The article below was written by Lawson Steele – Joint Head of Carbon & Utilities Research at Berenberg Bank.
He has been in the carbon game since 2004 and it was published on his LinkedIn page on January 20, 2022.
I thought it high time to write an in-depth article on my favourite subject – EU ETS carbon, don’t you know.
Carbon has been a 10-bagger since I went on the bull path in January 2018.So it seemed poignant to ask two questions:
Does that mean it’s run is at an end?
Has the buy case ended or crumbled?
I’ve done a lot of work to retest the carbon buy thesis I’ve held for four years. The answer to both questions is an unequivocal NO.
The fundamentals still stack up and there is much more to come. So, if you have time, and the inclination, grab a coffee, sink into a comfy chair and here goes…
A more bullish view on the EU ETS carbon price
I have increased my average carbon price by 46% over 2022-30. I now forecast a peak of €150/t (previous €110/t) in Q123, closing this year at €130/t (€110/t).
Even without the Fit for 55 package, I expect the EU ETS carbon price to breach the €100/t barrier in the coming months (from the current €80/t).
In fact, I think it is highly likely that the price will go well north of my average €118/t 2022 target (the grey area and pointy arrow in the chart below).
The EU ETS carbon price could double, triple or quadruple (EUR/t):
And a much higher carbon price makes sense. Since the EU ETS scheme began in 2015, Industry has done virtually nothing to reduce its emissions.
If the EU’s goal is to reach the 55% emission reduction by 2030, which it clearly is, then the carbon price has to be sufficiently high to trigger that behavioural change.
Carbon at €80/t simply does not do that. And that is why all the EU’s reforms (MSR and Fit for 55 Green Deal) of the ETS are designed to do just that.
So let’s take a look at the fundamentals.
Revisiting my carbon bull case: stick
I stick with my bullish stance as I revisit and retest the fundamental buy case for carbon. Yes, carbon has been a 10-bagger since I turned bullish in January 2018 at €8/t. But that in itself does not necessarily stop it being, for example, a 20-bagger.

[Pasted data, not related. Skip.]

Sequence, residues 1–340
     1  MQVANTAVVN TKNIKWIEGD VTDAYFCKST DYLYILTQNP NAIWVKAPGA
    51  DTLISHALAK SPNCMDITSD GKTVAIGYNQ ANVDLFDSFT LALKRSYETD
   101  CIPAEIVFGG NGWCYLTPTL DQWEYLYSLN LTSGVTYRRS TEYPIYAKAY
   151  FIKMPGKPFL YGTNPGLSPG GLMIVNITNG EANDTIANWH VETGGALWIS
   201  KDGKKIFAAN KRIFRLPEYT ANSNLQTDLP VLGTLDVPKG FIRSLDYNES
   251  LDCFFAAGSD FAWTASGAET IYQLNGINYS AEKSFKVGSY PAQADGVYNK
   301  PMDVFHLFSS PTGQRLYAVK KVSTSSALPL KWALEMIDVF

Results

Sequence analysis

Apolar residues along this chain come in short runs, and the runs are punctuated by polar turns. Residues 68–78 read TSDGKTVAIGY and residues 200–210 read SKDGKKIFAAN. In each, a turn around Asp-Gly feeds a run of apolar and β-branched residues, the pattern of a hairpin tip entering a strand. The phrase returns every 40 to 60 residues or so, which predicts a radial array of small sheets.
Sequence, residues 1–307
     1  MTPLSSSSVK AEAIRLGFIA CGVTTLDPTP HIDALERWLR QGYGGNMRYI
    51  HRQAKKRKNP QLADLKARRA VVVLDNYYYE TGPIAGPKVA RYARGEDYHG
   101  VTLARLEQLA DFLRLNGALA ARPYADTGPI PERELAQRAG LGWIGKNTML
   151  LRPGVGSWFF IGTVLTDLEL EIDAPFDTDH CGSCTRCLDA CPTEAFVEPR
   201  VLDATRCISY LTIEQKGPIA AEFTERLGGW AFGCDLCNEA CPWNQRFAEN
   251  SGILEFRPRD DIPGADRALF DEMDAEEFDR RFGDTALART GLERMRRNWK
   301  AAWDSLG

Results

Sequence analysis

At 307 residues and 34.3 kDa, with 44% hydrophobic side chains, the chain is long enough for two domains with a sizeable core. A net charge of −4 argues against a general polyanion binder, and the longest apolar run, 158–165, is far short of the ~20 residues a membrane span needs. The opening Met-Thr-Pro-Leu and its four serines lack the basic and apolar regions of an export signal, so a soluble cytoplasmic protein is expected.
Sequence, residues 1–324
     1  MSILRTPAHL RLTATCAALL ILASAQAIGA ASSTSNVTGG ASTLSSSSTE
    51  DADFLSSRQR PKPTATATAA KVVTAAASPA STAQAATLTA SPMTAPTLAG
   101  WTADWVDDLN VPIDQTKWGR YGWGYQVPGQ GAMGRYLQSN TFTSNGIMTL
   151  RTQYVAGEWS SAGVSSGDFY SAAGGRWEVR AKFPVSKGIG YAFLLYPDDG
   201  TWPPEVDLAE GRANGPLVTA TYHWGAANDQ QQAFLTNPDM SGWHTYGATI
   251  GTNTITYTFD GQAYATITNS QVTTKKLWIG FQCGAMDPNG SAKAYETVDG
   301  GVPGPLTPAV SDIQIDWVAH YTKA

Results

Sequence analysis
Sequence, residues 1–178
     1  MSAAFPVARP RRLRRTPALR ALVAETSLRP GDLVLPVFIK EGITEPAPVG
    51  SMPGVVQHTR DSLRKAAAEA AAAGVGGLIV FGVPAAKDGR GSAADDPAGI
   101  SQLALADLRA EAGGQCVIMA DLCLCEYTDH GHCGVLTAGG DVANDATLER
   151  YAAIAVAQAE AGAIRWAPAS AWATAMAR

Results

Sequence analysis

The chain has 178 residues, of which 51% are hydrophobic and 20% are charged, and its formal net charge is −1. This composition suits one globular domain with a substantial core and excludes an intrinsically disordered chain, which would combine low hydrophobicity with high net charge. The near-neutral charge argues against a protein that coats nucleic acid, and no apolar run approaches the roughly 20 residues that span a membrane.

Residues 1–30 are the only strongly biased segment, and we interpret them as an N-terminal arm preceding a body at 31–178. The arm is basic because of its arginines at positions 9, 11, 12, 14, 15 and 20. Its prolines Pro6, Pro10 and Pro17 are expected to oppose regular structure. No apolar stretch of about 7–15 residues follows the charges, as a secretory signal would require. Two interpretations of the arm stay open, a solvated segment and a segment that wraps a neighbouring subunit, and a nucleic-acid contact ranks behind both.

I revisit my view and conclude that it still holds true: carbon allowances are becoming increasingly scarce. Companies under the scheme will have to pay up for the right to pollute.
Which is precisely what the EU ETS is designed to do: send a price signal to force companies to reduce their emissions, ie to save the planet and protect the scarcest resource – my, and your, atmosphere.
Three reasons for entities to buy EU ETS carbon allowances
Any company or investor will have different priorities, but, for non-compliance entities, there are three main reasons to own EU ETS carbon allowances. Compliance entities have these three reasons plus, of course, having to buy allowances to comply/offset their emissions. These are:
to potentially earn a significant return: double, triple or quadruple the current price;
to contribute to a greener planet, forcing companies to reduce their carbon emissions; and/or
to protect the company against higher costs/inflation triggered by a higher carbon price.
If companies are short allowances, it is going to hurt
Sooner or later there will be a carbon cost associated with every transaction on the planet. Today, only 25% of the world’s daily 135mt of CO2 emissions is under a carbon scheme. And one scheme dominates: the EU’s Emission Trading Scheme (ETS).
As a corporate, if you do not own carbon allowances, whether for EU ETS compliance or for net zero targets, you are short. Doing nothing to cover your carbon emissions (whether direct or indirect) is effectively running a short.